Swimmer succeeds in the water despite lack of sight.
Andrew McLeod spends much of his time in the pool working on his technique.
Andrew is a member of the Neptunes swim club at the Northwest YMCA in Wichita, Kansas.
It's his first full season on the team.
"I think I've improved a lot," said Andrew.
The 10-year-old was born legally blind.
He says sometimes it's difficult, but he's learned to adjust, especially in the pool.
"You just keep on trying and trying and trying and you'll finally just figure out that you're really good at it," Andrew said.
Andrew practices weekly with a coach one-on-one.
"It was a little different for me," said Dustin Welch, Andrews coach. "This is the first time I have coached someone who is legally blind . It was a lot of hands-on in the water with him."
Swimmers use visuals to know where they are in the pool.
Andrew can slightly see the black line in the bottom of the pool, which guides him.
When he's on his back he has to use another sense.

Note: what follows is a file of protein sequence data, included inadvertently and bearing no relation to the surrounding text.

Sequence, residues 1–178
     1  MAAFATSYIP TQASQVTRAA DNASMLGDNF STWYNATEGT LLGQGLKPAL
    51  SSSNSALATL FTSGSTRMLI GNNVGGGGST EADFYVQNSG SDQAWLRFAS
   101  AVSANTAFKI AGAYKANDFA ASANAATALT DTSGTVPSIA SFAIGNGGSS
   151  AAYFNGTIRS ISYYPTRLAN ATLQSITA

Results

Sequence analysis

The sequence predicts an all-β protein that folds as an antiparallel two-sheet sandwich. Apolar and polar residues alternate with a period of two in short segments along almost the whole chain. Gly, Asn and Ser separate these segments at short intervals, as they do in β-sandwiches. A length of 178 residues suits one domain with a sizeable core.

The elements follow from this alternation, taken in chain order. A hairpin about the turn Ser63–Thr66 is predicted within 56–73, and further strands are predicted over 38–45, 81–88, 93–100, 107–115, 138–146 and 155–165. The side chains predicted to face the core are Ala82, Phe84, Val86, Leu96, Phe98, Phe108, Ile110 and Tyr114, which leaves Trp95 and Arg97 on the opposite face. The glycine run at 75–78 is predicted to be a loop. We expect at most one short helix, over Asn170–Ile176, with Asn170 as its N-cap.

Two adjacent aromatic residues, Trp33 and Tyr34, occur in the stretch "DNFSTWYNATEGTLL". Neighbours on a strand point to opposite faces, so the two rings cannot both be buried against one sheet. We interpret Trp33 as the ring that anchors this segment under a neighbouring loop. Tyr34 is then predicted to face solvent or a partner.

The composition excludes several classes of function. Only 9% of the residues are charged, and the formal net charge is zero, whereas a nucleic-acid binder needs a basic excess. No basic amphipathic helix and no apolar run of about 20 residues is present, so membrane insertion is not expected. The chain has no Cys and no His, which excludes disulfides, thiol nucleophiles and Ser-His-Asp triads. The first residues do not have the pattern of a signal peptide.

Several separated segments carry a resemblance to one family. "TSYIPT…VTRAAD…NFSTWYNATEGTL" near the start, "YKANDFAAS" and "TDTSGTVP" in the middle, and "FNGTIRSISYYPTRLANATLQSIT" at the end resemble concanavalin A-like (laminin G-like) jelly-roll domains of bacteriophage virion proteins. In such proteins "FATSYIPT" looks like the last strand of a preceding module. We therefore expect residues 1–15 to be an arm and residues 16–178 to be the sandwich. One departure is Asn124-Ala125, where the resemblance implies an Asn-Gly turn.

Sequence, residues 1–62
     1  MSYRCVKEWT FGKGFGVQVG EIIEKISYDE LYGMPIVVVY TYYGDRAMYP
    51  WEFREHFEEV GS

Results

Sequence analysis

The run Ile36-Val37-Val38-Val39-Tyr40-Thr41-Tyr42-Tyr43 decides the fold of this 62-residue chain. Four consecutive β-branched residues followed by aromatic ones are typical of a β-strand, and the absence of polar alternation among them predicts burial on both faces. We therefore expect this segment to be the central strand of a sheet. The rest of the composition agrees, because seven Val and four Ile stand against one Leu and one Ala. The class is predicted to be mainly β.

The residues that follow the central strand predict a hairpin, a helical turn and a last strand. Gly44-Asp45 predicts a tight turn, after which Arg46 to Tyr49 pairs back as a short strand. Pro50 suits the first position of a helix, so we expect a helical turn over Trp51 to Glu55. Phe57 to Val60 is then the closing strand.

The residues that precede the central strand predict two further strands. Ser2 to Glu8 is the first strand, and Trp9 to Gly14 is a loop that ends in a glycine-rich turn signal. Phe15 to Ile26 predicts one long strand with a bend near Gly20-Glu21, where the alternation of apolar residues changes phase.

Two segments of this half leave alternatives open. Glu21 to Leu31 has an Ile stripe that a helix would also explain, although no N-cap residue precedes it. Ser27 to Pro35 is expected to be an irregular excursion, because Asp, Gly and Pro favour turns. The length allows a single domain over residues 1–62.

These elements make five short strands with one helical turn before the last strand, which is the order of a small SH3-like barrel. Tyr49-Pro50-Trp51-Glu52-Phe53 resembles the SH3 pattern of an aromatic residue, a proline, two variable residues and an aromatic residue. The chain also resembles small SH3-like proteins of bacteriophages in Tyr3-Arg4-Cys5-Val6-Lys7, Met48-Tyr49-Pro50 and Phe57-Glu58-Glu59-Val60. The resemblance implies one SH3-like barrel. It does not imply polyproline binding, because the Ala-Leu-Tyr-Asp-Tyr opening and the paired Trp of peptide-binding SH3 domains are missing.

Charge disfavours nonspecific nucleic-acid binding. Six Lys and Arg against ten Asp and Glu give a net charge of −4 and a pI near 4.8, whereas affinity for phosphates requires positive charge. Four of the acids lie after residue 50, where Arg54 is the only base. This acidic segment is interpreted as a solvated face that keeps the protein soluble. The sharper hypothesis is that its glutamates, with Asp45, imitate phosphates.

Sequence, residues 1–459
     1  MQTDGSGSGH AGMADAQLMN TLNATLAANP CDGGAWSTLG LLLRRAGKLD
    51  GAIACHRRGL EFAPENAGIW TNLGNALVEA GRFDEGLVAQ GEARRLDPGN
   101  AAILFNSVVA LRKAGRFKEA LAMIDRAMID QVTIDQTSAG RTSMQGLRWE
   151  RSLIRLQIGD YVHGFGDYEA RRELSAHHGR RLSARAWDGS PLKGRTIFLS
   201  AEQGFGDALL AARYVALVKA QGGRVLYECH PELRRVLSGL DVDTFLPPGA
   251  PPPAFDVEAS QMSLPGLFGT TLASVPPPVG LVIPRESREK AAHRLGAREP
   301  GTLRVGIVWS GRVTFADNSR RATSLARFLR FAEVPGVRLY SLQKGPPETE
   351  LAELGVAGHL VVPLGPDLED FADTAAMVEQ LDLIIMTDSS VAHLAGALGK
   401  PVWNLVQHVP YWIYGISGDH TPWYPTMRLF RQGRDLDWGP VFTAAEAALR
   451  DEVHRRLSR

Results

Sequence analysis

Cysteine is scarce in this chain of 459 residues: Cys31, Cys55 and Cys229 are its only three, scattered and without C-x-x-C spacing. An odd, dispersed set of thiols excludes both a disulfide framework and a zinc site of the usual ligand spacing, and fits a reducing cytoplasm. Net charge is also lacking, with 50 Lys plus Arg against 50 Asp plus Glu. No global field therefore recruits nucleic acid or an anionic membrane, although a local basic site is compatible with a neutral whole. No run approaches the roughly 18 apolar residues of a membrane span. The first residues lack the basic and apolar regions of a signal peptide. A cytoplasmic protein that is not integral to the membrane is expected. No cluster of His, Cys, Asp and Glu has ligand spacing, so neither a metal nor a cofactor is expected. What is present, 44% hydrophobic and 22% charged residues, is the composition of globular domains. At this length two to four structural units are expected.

"He uses the lane line as a guidance. He lets his arm roll on the lane line," Welch said.
Andrew actually tried swimming a few years ago, but without the one-on-one help. N
ow that he has that, he's improved dramatically.
"He has made a lot of progress and now he's actually keeping up with people and winning or beating some people," said Brady McLeod, Andrew's father.
Andrew says while his learning style may be different, he's just like any other swimmer working to get better.
"I"m just like everyone else," Andrew said. "I'm trying to swim and cut my time and stuff."
His parents say it's that passion that makes him stand out as a swimmer, not his blindness.
"That's all that matters in swimming, you just do the best you can and I think Andrew understands that extremely well," McLeod said.